America Ferrera stood up to the story that people are coming from Central America to steal American jobs.
Ferrera was speaking on a panel about Central American violence at Tina Brown's Women in the World Summit in New York City on Friday.
Astrid Ellis, a young woman who was kidnapped and raped, was also on the panel. She spoke about her experience and how it prompted her to come to the United States undocumented and tell her story.
Ferrera said she heard countless stories like Astrid's from Central American women.
Undocumented and unaccompanied minors coming to the United States from Central America has been a central point in this year's presidential campaign. Donald Trump keeps saying he will build a wall on the southern border to keep all people out, claiming they are criminals who come to take American jobs.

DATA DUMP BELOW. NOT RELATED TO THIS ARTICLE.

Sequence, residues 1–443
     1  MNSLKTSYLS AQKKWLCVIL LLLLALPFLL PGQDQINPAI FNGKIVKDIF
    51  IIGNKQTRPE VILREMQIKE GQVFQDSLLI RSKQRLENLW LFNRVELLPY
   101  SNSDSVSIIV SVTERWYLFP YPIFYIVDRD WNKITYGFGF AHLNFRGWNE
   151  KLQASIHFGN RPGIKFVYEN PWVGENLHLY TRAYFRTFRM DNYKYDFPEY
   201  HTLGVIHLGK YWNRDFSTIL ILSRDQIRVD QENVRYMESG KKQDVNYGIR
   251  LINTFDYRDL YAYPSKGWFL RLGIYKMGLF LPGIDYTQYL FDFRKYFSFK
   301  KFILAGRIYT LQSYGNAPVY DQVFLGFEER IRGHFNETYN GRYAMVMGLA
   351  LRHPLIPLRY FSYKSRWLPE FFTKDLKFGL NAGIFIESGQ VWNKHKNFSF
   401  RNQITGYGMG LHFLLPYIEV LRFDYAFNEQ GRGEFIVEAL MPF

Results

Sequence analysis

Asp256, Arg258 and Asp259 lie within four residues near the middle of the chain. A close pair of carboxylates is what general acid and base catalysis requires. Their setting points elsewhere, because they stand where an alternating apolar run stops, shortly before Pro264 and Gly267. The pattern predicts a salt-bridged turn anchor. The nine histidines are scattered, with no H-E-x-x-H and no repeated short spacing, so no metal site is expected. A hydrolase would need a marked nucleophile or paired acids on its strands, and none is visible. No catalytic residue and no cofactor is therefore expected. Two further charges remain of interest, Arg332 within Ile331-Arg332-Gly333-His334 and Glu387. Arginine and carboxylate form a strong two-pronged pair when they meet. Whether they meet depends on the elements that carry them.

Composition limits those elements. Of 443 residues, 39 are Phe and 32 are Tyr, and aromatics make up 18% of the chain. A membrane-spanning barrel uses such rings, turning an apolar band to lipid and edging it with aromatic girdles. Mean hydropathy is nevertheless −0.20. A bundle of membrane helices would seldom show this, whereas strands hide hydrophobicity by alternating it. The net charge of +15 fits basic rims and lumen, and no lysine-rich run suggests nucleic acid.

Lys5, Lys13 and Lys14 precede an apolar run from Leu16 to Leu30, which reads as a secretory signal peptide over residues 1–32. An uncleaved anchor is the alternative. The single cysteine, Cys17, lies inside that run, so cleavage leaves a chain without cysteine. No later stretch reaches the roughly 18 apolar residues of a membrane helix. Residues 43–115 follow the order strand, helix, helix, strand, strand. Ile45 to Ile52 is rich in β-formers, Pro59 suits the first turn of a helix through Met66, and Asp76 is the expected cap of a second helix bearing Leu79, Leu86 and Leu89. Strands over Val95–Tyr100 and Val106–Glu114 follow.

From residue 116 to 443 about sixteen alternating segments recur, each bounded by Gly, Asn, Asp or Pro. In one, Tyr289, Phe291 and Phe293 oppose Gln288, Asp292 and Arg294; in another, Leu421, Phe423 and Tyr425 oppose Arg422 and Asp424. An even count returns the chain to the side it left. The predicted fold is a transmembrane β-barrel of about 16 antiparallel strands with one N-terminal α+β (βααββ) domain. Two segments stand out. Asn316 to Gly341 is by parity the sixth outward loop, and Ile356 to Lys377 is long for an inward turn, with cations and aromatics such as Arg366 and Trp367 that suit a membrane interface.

Ferrera said it "boggles [her] mind" people cannot imagine what terrible situations would persuade parents to send their children alone to a foreign land.
How little imagination does it take to put yourself in that parent's shoes and think that this narrative we hear in the news that people are coming to take American jobs? It's about nuance, and we have to demand that the conversations that we have in this country about these humanitarian issues don't get completely taken over by politicians with agendas who refuse to acknowledge that there are people on the other side of this.
Later in the panel, Ferrera said Americans all can do something to help. We can pressure politicians to have humanitarian responses, for instance. Ultimately, she said, helping people escaping violence is the best thing we can all do.
There's no wall you can build, no amount of detention centers you can build, that are going to stop people from fleeing death.